The DIY Chronicles, Part Three

Editor's Note: This is Part Three of a six-part series from reader Hervé Delétraz of Switzerland, who is chronicling the development of his DIY (do-it-yourself) audio amplifier. Part One is here, and Part Two is here.

After exploring the different amplifier topologies presented in the last article, I can now better explain what my design goals were—apart, of course, from building the best amp in the world! Your own kids are always the best, aren't they?

The goals:
• All bipolar, unbalanced, symmetrical topology.
• No compensation (no thermal or electrical) circuit.
• No switches, fuses, or relays in the signal path (including the power supplies).
• Highest possible input impedance.
• Lowest possible output impedance.
• Full DC coupling.
• Wide bandwidth.
• Lowest possible negative feedback.
• The fewest components I could use.

Some might say that many of these are contradictory goals. They'd be almost right. I wanted to use a bipolar topology because the input capacitance is negligible, so the frequency response would be much less dependent on the input cable length and preamplifier output impedance. When properly driven, power bipolars are as quick as MOSFETs.

I would avoid any thermal/electrical compensation because it involves additional devices that regulate the bias current vs. the heatsink temperature. This circuit is normally unavoidable, to prevent having a thermal runaway, but I wanted to omit it. I also wanted no fuses, switches, or relays for the obvious reason: sound purity. But I might keep protection in the design for a possible future commercial version of the amp, so the protection circuit would have to be special.

I wanted full DC coupling in order to reproduce perfect squarewaves to as low as 5Hz. An AC coupling cap would anyway be inserted in the input, in case of DC generated by a leaky preamplifier capacitor, but which would keep the –3dB point as low as a few tens of Hz. In addition, wide bandwidth was important because it was the only way to keep the phase shift very low at high frequencies. I wanted the lowest feedback for the sound quality, but also for the stability vs. capacitive loads, and I wanted to use very few components because the fewer junctions the signal goes through, the better it's preserved.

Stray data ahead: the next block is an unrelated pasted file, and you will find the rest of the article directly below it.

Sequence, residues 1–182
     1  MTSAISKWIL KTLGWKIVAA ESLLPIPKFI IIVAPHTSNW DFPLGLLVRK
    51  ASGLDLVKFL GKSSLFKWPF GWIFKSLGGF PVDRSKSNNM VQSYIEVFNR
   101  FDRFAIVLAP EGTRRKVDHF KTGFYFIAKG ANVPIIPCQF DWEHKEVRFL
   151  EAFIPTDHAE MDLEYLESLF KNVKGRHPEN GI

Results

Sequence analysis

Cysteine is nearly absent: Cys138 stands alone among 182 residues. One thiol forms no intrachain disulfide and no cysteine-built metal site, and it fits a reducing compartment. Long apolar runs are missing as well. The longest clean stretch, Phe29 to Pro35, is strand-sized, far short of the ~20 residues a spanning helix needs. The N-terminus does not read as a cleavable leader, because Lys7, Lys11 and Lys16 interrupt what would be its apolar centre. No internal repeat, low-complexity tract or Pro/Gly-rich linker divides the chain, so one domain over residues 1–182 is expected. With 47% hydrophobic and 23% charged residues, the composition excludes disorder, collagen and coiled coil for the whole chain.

This amplifier project took me about five years (plus the first 11 I dreamed about it) to complete successfully, always part time, as a hobby. This hobby is now something more—a real passion.

Hervé Delétraz's work bench, where his amplifier was designed and built.

Three years ago I finally decided to buy some simulation software. The prices had gone down, and I wanted to use my countless night hours in a more efficient way. I played with the software like a toy, using devices as if they were Lego pieces, making and destroying, rebuilding and simulating hundreds of elemental bricks, until I finally reached my goals. What a happy day, in July 1998, when I finally obtained a nice virtual circuit on my screen! It took about one year more to finalize the definitive schematics: only six bipolar devices per supply side from input to output, in three stages.

Three stages! Why so many, and why did it take so long to make such an amp when Nelson Pass made a single-transistor amp (I take my hat off, Mr. Pass!) years ago? Well, my design succeeded in almost every parameter I wanted, which is, alas, not obtainable with a single transistor.

The first stage behaves like a current buffer; i.e., the intrinsic input impedance is about 300k ohms, or more than most tube amps. It has no global or local feedback, only degenerative feedback. The second stage is the voltage gain stage. This stage has a gain of about 26dB, an intrinsic open-loop bandwidth of a few hundred kHz, and only two small, symmetrical local negative feedback loops. The third stage, the output stage, is a single push-pull pair driven in a particular fashion. I'll just say that the bias circuit doesn't feed the devices in the usual way, hence the possibility of avoiding the thermal compensation. Furthermore, this stage is free of all feedback, whether global or local or even degenerative. The output impedance is fair, at 0.28 ohms (remember, no NFB at all).

The other expected specs: 100Wpc into 8 ohms, 160Wpc into 4 ohms, 1Hz–500kHz @ –3dB, THD less than 0.5%, S/N 100dB(A). Sounds nice?

Next week: Hervé Delétraz builds a protoype of his amplifier design and sends several components to early graves.

Readers can contact Hervé Delétraz via e-mail at